The microscopes of your childhood had an eyepiece or two, a light and some knobs to turn, and you used them to look at thinly sliced (yet fascinating) dead things. However, microscopy has been transformed in recent years thanks to incredible advances in all areas of optics, from lasers to high-speed cameras, as well as our ability to handle and analyze large and high-dimensional digital datasets. The way that we study living things has also changed dramatically thanks to new dyes and fluorescent proteins that enable exquisite, genetically precise labeling of not just the structure, but the function of living cells. My research program leverages these rich opportunities, and most recently recognized that an important frontier not reached by earlier microscopes was the ability to image 3D samples at very high speeds. To address this need, we devised a method called ‘Swept confocally aligned planar excitation’ (SCAPE) microscopy that is capable of generating cellular-level images in 3D that are so fast that we can watch the heart of a developing fish beat in real time, or track the firing patterns of neurons along the body of a fruit fly larva as it crawls along. A key feature of SCAPE is the system’s use of oblique light sheet illumination, which yields much higher signals and lower photodamage compared to traditional point-scanning methods, while our single, stationary objective lens makes the system accessible for a wide range of applications. Our lab has continued to develop and extend this approach into a suite of different SCAPE configurations, while also working closely with a wide range of collaborators to support new studies of biological phenomena. To broadly disseminate this technology, in addition to licensing SCAPE to Leica Microsystems, we have assisted groups worldwide with building their own SCAPE systems. I will discuss this work along with ongoing projects to leverage optical methods to reveal fundamentally new aspects of dynamic, living systems.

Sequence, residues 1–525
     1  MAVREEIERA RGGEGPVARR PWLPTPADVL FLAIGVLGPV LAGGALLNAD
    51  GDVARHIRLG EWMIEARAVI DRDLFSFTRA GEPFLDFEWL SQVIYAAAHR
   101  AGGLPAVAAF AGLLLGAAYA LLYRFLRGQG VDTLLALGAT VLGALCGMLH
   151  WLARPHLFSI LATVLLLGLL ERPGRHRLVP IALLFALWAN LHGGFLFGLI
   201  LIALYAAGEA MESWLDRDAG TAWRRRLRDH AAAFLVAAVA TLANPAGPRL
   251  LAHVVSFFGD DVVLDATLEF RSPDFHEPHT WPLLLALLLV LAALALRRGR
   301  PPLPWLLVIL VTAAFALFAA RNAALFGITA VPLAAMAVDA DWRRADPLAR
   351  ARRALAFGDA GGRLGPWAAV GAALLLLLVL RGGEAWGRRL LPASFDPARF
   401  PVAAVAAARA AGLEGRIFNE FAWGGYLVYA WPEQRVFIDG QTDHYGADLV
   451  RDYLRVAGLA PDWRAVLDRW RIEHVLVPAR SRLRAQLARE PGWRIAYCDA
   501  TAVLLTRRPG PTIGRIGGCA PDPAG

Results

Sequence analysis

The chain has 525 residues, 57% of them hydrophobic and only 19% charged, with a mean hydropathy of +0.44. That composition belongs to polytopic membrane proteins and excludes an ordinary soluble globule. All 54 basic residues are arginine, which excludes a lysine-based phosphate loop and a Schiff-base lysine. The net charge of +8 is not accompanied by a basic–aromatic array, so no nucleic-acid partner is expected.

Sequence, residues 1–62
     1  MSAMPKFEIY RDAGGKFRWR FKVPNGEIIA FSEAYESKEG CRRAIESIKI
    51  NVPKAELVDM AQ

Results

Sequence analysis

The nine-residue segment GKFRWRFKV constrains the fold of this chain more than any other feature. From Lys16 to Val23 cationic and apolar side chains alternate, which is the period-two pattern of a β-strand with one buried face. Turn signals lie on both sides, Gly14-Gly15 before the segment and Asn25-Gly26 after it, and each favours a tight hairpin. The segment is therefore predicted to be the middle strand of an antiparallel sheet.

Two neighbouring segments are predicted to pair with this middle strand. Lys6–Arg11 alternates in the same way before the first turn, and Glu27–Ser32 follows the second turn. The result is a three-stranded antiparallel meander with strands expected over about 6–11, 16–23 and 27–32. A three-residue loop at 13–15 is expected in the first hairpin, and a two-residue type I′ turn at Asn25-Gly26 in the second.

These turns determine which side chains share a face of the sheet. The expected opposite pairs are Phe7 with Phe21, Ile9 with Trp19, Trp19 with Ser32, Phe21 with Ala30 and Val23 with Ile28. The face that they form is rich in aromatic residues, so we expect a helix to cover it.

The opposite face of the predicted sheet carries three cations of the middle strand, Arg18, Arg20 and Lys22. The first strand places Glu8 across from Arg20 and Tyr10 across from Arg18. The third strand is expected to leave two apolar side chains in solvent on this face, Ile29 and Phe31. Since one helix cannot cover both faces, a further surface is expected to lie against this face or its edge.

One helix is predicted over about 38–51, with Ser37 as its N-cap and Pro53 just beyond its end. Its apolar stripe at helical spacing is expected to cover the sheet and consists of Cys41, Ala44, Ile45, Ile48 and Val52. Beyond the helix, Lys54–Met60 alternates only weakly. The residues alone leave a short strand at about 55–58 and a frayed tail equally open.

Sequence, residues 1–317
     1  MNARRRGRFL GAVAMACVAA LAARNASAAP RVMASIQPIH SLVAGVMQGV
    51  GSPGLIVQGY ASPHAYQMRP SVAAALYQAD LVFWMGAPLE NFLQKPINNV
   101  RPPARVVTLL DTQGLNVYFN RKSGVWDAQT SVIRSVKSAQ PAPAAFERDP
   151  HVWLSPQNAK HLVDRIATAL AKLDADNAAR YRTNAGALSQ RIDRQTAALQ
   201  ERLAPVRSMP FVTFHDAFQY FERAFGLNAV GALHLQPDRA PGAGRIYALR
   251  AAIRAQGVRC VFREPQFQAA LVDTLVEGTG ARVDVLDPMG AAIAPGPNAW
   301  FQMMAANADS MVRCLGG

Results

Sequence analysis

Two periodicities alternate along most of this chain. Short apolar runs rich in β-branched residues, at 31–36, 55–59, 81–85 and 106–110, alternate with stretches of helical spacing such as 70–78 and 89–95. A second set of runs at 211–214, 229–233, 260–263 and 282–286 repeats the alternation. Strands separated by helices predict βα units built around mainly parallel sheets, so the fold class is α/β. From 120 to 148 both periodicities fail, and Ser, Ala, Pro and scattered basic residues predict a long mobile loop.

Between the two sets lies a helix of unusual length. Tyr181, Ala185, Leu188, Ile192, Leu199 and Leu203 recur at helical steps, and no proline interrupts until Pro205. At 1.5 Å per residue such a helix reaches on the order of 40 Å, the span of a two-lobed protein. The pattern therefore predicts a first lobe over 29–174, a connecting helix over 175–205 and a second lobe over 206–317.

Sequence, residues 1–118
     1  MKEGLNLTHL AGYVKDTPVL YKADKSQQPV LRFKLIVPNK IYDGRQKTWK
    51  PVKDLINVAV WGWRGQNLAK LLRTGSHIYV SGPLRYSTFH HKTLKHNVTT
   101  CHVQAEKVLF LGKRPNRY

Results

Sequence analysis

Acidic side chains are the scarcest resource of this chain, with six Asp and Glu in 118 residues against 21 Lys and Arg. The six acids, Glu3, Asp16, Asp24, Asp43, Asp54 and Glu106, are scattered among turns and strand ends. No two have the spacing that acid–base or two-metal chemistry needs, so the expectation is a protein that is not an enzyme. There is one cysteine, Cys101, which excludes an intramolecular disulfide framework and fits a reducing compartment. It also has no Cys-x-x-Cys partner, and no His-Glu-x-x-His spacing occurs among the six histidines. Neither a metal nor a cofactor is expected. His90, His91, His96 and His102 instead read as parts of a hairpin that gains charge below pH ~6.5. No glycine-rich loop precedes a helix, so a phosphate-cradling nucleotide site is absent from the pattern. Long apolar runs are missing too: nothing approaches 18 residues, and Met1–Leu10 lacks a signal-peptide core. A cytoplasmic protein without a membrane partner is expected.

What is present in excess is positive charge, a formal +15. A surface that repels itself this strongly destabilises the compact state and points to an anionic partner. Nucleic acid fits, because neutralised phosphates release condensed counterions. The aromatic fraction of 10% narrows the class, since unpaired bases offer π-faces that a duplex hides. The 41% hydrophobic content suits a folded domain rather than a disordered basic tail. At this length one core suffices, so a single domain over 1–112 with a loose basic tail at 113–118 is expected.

Elizabeth Hillman is a Herbert and Florence Irving Professor at the Mortimer B. Zuckerman Mind Brain Behavior Institute, and the Departments of Biomedical Engineering and Radiology at Columbia University. Hillman received her undergraduate degree in Physics and Ph.D. in Medical Physics and Bioengineering at University College London and completed post-doctoral training at Massachusetts General Hospital/Harvard Medical School. In 2006, Hillman moved to Columbia University, founding the Laboratory for Functional Optical Imaging.

Hillman’s research program focuses on the development and use of novel optical imaging and microscopy technologies to capture functional dynamics of living systems. Most recently, she developed swept confocally aligned planar excitation (SCAPE) microscopy, a technique capable of very high speed volumetric imaging of neural activity in behaving organisms such as adult and larval Drosophila, zebrafish, C. elegans and the rodent brain. Hillman’s research program also includes exploring the physiological mechanisms linking neural activity and the modulation of blood flow in the brain, as the basis for signals detected by functional magnetic resonance imaging (fMRI), as well as studying the dynamical properties of real-time brain activity across species.

Hillman is a fellow of the Optical Society of America (OSA), the society of photo-optical instrumentation (SPIE) and the American Institute for Medical and Biological Engineering (AIMBE). She received the 2011 OSA Adolf Lomb Medal for contributions to optics at a young age, the 2018 SPIE Biophotonics Technology Innovator Award, the 2020 Royal Microscopical Society Mid-Career Scientific Achievement Award and early career awards from the Wallace Coulter Foundation, National Science Foundation and Human Frontier Science Program.



Jennifer Barton

Thomas R. Brown Distinguished Professor, Biomedical Engineering; Professor, Wyant College of Optical Sciences; Director, BIO5 Institute | University of Arizona

Advanced Endoscopic Imaging for Early Cancer Detection


Optical methods of investigating tissue have the advantages of high sensitivity, high resolution, relatively low cost, and ability to sense both structural and biochemical characteristics of tissue. Their limited penetration depth can be mitigated by endoscopic delivery using small-diameter optics. Optical techniques hold the promise of directing, minimizing, or perhaps even eliminating traditional destructive biopsy by providing diagnostic information in a harmless manner.